Serena Williams of the U.S. returns the ball to Ana Ivanovic of Serbia during their women's singles semi-final match at the Rome Masters tennis tournament May 17, 2014. Photo by Stefano Rellandini, Reuters.
ROME - Serena Williams won her third Italian Open title, crushing local favorite Sara Errani 6-3 6-0 in Rome on Sunday.
The world number one looked on top form against the 10th- seeded Errani, who was cheered on by a passionate home crowd but suffered a thigh injury towards the end of the first set and never recovered.
All the action was in the first set, which lasted longer than the 46-minute hammering Williams dished out to the Italian in the semi-finals of the French Open last year, when Errani won only one game.
The 27-year-old Errani, who has lost to Serena Williams, in all seven of their meetings, had to leave the court after losing her serve in the eighth game of the first set to get attention for her injury.
She was clearly less mobile after that, and the American rattled off seven easy games in a row to finish the match in one hour and 11 minutes, leaving Errani tearful in defeat.
"I'm sorry for Sara because she didn't deserve it to end like this, but I'm very happy for the win," said Williams in Italian on court.
Sunday's triumph was William's 60th WTA title and she dropped only one set on her way to victory, in Saturday's powerful semi-final display against Ana Ivanovic.
"She's obviously improved since Paris last year, and I think I could have played a lot better as well," Williams added later.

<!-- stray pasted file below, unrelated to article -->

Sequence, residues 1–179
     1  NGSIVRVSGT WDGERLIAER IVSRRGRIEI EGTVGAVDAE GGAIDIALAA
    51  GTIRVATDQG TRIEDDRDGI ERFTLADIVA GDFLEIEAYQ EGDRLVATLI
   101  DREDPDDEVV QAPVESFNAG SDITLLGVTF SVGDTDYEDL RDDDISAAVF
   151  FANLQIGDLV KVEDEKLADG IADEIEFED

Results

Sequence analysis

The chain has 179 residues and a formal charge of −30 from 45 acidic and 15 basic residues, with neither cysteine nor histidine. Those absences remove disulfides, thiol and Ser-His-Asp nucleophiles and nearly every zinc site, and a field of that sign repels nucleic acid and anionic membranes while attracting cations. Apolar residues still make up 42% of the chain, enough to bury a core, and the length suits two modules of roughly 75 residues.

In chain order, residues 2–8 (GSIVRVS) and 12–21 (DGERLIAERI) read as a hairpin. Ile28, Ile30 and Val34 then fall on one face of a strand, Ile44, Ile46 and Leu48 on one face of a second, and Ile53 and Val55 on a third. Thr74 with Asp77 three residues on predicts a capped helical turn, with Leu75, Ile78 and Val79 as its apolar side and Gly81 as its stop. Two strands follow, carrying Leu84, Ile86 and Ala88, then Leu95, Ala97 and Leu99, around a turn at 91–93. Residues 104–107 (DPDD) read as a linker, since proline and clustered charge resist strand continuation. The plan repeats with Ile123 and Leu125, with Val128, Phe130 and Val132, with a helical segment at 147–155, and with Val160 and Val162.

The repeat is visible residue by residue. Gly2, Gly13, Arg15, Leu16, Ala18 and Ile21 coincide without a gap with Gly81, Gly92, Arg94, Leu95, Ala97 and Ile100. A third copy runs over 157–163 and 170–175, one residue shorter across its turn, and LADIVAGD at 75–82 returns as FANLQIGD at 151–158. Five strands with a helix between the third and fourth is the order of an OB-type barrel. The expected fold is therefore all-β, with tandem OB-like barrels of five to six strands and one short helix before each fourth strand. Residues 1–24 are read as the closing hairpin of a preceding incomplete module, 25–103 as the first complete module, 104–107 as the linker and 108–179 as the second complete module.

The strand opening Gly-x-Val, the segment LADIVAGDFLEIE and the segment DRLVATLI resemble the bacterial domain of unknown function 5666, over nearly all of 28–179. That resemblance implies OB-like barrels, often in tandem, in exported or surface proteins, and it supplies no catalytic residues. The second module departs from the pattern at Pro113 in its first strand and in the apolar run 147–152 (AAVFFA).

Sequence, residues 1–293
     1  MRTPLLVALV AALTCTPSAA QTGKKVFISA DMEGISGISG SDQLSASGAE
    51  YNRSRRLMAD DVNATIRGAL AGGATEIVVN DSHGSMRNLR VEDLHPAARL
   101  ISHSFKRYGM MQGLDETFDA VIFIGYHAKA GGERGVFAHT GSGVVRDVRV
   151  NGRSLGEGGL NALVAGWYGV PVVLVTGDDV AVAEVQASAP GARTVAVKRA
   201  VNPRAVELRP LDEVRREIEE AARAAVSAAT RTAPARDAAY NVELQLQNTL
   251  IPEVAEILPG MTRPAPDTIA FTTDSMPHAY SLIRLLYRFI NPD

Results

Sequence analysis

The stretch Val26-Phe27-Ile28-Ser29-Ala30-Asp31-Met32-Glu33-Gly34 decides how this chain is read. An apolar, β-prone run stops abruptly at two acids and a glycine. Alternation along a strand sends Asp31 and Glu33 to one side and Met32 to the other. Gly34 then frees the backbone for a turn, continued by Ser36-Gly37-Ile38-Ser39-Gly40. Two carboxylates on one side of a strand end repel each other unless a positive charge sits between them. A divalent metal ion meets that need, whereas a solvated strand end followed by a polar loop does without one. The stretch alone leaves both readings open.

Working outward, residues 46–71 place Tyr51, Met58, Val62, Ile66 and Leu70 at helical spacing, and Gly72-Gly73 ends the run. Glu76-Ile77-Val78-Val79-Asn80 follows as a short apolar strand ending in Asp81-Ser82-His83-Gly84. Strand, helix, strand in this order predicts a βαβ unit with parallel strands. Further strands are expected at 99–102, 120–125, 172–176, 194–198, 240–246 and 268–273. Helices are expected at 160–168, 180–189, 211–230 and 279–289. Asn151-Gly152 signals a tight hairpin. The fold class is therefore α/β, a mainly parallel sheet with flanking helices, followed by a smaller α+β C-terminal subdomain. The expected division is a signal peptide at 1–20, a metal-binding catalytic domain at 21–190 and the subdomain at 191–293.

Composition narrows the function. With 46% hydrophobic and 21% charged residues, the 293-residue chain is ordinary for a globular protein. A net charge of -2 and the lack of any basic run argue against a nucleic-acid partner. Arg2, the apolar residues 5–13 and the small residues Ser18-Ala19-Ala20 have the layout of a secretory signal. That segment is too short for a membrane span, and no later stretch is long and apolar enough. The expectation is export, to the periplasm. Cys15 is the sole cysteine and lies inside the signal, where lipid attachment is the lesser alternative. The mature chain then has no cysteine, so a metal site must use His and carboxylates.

"I was a little nervous out there in the beginning, wasn't quite hitting my shots the way I should have been. That's exciting for me to know that I have room to grow as well."
Of Williams's victories, 23 have come since since she returned from a life-threatening pulmonary embolism in 2011.
"I'm like a fine wine I guess, or at least my tennis game is. It gets better with age. Hopefully that's how it goes," she said.
The 32-year-old had doubted she would start the tournament after pulling out of the Madrid Masters with a left thigh injury.
"I came to Rome eating pasta every day and hanging out with my friends, and then I thought OK, I'll practise on Tuesday and here I am. It was unexpected.
"But I had fun, and I think when I'm having fun is when I'm at my most dangerous."
Errani, who had been bidding to become the first Italian woman since Raffaella Reggi in 1985 to win the title, told the crowd: "I'm sorry, you've been brilliant all week."
"It was amazing for me to get to the final and play my best tennis thanks to you and my team, who have always been by my side," she added.
"Hopefully I'll be back next year and go one better."
(Reporting by Terry Daley; Editing by Clare Lovell)